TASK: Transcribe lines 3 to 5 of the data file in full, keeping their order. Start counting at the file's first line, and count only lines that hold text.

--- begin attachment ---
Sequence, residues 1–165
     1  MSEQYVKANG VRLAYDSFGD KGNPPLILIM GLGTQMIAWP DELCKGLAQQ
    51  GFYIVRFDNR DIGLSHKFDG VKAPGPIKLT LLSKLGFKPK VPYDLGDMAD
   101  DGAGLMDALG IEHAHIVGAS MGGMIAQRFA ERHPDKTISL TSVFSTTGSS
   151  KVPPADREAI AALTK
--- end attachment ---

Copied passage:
    51  GFYIVRFDNR DIGLSHKFDG VKAPGPIKLT LLSKLGFKPK VPYDLGDMAD
   101  DGAGLMDALG IEHAHIVGAS MGGMIAQRFA ERHPDKTISL TSVFSTTGSS
   151  KVPPADREAI AALTK